“Primal Fear: Can Monkeys Help Unlock the Secrets of Trauma?” – The New York Times

“Hurricane Maria devastated Puerto Rico’s ‘monkey island.’ The surviving primates could help scientists learn about the psychological response to traumatizing events.”

monkeysCaretakers on Cayo Santiago taking food pellets and other supplies to the main clearing where the monkeys hang out. Glenna Gordon for The New York Times”

This is a longer read than normal; the article, though, is a journey through the trauma that Hurricane Maria visited on the inhabitants — human and others – of Puerto Rico and its islands.

trauma

by Luke Dittrich

“On Valentine’s Day, 2018, five months after Hurricane Maria made landfall, Daniel Phillips stood at the edge of a denuded forest on the eastern half of a 38-acre island known as Cayo Santiago, a clipboard in his hand, his eyes on the monkeys. The island sits about a half-mile off the southeast coast of Puerto Rico, near a village called Punta Santiago. Phillips and his co-workers left the mainland shortly after dawn, and the monkeys had already begun to gather by the time they arrived, their screams and oddly birdlike chirps louder than the low rumble of the motorboat that ferried the humans.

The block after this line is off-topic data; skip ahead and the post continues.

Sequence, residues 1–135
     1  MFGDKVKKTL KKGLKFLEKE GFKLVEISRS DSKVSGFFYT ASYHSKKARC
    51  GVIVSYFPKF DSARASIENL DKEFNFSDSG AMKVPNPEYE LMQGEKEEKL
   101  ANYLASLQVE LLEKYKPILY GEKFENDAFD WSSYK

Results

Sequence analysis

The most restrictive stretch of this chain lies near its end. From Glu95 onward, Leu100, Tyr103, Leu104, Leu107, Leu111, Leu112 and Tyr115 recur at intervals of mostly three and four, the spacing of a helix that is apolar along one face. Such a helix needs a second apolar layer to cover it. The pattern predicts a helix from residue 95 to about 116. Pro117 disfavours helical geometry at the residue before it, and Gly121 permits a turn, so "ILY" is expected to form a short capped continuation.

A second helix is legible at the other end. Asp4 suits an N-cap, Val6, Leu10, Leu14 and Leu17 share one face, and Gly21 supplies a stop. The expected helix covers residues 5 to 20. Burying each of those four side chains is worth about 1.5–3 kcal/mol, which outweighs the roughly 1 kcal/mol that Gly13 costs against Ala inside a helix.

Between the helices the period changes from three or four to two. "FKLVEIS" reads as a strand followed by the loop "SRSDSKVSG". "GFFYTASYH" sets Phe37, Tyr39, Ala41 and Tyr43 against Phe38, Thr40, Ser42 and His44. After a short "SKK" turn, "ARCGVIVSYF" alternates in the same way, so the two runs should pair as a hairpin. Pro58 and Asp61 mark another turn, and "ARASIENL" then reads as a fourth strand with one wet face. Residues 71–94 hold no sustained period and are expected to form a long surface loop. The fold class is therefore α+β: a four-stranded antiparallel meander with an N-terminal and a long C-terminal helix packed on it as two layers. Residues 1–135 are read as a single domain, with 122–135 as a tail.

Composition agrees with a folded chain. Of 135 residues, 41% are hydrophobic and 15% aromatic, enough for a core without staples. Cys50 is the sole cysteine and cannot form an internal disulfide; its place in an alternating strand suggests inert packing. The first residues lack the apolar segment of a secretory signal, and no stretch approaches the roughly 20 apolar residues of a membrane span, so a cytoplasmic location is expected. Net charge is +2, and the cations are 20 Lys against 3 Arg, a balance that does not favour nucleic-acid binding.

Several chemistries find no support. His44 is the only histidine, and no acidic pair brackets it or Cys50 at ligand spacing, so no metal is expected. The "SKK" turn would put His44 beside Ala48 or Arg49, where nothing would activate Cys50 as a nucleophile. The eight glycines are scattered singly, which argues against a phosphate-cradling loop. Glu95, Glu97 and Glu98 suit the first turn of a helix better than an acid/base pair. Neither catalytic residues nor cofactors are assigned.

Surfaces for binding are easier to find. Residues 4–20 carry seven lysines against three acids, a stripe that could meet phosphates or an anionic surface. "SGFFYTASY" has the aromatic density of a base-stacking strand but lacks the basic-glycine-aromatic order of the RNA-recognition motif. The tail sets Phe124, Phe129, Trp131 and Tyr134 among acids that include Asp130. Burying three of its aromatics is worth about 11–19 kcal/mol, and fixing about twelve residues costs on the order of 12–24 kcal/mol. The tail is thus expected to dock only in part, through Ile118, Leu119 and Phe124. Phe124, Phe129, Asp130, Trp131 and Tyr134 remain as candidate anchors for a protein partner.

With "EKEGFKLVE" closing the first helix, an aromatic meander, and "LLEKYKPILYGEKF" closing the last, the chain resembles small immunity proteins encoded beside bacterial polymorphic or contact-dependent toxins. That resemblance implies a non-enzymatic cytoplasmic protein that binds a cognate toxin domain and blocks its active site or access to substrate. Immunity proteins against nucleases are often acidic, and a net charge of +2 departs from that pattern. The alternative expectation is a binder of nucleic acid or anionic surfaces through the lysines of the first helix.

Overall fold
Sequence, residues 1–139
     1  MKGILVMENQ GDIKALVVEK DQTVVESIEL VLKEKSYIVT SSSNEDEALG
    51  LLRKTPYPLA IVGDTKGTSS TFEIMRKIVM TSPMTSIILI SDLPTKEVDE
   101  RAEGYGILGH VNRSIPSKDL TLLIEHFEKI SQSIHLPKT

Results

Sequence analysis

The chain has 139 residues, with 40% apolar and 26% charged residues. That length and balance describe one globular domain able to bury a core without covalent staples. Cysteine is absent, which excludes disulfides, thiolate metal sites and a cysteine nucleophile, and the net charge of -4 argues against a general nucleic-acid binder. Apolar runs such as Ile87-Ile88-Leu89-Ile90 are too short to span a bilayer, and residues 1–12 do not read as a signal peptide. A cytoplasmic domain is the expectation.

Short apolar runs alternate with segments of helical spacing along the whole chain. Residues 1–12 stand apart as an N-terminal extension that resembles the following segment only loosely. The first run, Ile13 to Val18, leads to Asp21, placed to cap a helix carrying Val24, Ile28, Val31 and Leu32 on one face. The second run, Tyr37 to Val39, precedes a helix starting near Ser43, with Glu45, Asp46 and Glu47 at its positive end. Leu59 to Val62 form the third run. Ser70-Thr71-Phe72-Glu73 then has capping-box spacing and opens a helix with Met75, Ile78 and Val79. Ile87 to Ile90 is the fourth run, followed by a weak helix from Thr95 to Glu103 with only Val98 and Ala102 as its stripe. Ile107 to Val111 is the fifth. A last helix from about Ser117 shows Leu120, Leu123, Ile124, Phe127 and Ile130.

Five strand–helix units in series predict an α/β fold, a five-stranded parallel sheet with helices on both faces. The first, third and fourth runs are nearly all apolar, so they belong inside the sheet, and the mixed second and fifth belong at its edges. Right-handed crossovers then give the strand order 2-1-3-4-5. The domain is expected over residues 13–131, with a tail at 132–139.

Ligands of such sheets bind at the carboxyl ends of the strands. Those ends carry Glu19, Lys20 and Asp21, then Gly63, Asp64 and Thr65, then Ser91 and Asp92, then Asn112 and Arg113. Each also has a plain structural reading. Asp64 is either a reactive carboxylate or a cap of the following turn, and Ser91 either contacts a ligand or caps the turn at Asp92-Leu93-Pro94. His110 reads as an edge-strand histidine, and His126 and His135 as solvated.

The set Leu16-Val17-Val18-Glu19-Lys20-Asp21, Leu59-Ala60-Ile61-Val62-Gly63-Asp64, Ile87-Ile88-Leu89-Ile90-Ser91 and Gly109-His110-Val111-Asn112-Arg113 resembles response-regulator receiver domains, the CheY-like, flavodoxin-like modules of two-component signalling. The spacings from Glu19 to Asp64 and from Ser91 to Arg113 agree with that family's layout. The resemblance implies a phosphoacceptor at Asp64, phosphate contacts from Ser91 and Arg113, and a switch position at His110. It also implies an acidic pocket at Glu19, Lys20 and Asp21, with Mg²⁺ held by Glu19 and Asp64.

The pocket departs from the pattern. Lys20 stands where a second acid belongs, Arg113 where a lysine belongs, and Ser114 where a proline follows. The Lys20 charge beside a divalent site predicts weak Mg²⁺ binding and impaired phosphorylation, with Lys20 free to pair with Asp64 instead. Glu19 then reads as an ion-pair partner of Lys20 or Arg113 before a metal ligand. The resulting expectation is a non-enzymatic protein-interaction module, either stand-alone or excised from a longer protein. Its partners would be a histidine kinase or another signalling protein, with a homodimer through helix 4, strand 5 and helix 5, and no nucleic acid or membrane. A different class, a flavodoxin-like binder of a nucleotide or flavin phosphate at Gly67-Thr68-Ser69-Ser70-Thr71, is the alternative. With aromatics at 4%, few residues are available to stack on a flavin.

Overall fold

“The monkeys were everywhere. Some were drinking from a large pool of stagnant rainwater; some were grooming each other, nit-picking; some were still gnawing on the plum-size pellets of chow that Phillips hurled into the crowd a half-hour before. Two sat on the naked branch of a tree, sporadically mating. They were all rhesus macaques, a species that grows to a maximum height of about two and a half feet and a weight of about 30 pounds. They have long, flexible tails; dark, expressive eyes; and fur ranging from blond to dark brown.”

Click here to read this New York Times article in its entirety.

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